Elizabeth Lindau is a Visiting Assistant Professor of Music in the Sunderman Conservatory for the 2012-2013 academic year. She comes to Gettysburg from the University of Virginia, where she completed her Ph.D. in Critical and Comparative Studies in Music. Her research interests include the history and theory of avant-garde movements, popular music, 20th Century composition, performance practice, and the history of sound recording and phonography. Her dissertation, “Art is Dead. Long Live Rock! Avant-Gardism and Rock Music, 1967-99” profiled the Velvet Underground, Yoko Ono, Brian Eno, and Sonic Youth. Her essay “Goodbye 20th Century! Sonic Youth Records John Cage’s ‘Number Pieces’ ” will appear in the volume Tomorrow is the Question: New Directions in Experimental Music Studies, edited by Benjamin Piekut. She is currently preparing a second publication on Eno and David Byrne’s 1981 “world beat” album My Life in the Bush of Ghosts. Dr. Lindau has presented her work at meetings of the Society for American Music, the International Association for the Study of Popular Music-US, the Modernist Studies Association, and at Feminist Theory in Music and the Experience Music Project Museum’s Pop Conference.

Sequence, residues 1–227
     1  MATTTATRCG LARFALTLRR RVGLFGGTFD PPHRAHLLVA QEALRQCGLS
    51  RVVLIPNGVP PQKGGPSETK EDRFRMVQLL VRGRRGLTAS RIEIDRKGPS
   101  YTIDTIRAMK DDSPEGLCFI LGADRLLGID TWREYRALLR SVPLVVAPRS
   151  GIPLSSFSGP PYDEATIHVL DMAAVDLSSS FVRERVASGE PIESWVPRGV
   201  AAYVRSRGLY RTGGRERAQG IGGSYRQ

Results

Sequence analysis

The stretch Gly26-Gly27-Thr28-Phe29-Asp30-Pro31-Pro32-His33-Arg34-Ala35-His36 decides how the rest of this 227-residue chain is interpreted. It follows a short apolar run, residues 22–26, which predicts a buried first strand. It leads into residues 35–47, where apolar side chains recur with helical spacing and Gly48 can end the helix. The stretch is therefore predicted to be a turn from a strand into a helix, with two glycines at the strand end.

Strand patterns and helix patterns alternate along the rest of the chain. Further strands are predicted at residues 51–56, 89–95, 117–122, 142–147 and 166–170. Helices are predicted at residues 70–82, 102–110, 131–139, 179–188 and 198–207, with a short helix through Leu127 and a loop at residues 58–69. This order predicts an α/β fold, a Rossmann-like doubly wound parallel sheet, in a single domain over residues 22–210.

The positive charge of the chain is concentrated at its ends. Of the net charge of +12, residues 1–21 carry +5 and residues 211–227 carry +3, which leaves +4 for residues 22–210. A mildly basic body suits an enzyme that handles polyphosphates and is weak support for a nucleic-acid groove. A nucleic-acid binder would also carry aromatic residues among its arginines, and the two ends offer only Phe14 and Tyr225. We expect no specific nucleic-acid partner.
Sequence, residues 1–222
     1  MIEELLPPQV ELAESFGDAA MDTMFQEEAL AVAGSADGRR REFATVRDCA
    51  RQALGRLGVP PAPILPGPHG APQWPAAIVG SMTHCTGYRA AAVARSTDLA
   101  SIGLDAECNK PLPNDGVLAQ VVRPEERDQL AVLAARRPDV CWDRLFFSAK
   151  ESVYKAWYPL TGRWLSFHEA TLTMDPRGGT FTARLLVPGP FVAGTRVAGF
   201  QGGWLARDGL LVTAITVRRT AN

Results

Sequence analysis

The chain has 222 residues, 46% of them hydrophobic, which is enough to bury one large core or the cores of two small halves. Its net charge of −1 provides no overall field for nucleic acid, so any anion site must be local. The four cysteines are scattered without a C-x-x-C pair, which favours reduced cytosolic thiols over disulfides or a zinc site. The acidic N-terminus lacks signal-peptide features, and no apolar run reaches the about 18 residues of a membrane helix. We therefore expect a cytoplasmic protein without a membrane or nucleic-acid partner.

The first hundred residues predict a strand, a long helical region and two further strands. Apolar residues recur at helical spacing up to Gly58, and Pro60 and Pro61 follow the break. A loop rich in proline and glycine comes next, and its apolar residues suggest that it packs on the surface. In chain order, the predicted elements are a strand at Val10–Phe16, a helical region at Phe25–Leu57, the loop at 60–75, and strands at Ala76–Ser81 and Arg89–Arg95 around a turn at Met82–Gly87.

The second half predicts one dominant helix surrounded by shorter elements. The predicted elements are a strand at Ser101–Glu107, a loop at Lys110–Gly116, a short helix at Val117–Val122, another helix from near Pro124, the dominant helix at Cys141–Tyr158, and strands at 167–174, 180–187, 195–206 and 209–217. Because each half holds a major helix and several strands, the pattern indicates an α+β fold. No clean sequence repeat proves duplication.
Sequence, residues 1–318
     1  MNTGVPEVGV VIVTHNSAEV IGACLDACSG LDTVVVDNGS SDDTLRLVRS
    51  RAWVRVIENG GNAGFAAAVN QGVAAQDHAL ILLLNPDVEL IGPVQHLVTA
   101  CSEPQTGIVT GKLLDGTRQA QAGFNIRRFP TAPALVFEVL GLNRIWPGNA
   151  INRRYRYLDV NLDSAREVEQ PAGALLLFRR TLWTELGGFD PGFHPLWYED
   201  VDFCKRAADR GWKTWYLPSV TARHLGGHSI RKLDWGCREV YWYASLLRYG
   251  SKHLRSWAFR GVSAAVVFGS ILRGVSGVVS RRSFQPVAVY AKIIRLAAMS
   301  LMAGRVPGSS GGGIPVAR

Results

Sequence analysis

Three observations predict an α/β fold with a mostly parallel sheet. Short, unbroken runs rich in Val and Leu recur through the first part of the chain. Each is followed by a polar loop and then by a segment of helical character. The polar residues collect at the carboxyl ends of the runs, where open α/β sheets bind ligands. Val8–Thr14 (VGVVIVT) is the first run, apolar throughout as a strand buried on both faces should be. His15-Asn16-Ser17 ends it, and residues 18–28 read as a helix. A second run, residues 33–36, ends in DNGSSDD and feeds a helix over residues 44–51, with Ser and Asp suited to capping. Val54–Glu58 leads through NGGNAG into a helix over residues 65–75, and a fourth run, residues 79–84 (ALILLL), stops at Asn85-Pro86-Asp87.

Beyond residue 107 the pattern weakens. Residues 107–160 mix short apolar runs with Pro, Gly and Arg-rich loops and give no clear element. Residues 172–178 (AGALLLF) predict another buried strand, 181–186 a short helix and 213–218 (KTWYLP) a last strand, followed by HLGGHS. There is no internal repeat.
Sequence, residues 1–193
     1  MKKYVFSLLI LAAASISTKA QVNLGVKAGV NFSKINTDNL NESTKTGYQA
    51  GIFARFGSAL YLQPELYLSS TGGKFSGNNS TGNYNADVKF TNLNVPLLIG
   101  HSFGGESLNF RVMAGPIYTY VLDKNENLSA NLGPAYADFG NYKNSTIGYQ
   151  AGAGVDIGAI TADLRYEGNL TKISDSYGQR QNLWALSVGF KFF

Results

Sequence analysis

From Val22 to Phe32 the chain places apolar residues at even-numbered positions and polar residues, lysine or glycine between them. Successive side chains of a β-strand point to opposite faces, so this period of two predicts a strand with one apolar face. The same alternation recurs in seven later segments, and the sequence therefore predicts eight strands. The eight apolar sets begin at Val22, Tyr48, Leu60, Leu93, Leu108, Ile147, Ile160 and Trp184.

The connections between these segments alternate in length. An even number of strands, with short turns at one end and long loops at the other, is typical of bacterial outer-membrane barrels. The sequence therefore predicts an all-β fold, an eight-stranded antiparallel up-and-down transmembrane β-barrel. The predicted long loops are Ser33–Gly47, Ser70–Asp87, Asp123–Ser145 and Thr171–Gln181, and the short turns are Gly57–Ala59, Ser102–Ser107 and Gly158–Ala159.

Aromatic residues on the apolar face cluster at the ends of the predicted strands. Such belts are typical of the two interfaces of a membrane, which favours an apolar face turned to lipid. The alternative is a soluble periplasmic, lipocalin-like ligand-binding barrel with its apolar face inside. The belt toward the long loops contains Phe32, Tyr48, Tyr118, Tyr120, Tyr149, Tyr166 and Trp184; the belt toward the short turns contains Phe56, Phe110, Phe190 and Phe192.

At UVa, Dr. Lindau taught courses in music theory, 20th century music, popular music, and class piano. She received a teaching award from the music department in 2010 recognizing her work with undergraduate students. From 2008-2011, she worked for UVa’s writing program, teaching academic argument to first-year students using the Little Red Schoolhouse curriculum. At Gettysburg, she will teach “World Music,” “History of Rock,” “Cross-Cultural Elements and Contexts of Music,” and an advanced seminar titled “Musical Avant-Gardes.”
In addition to her teaching and research, Dr. Lindau is active as a performer on piano and harpsichord. She holds Bachelor’s degrees in Piano Performance and Piano Pedagogy from the University of Illinois at Urbana-Champaign, where she was a student of Gustavo Romero and Kenneth Drake. She has studied early keyboard instruments and historical performance practices with Malcolm Bilson, Charlotte Mattax, and Paul Walker. She was a member of the Early Music Ensemble and maintained a private piano studio throughout her graduate work at UVa.
B.M., University of Illinois at Urbana-Champaign
M.A. University of Virginia
Ph.D. University of Virginia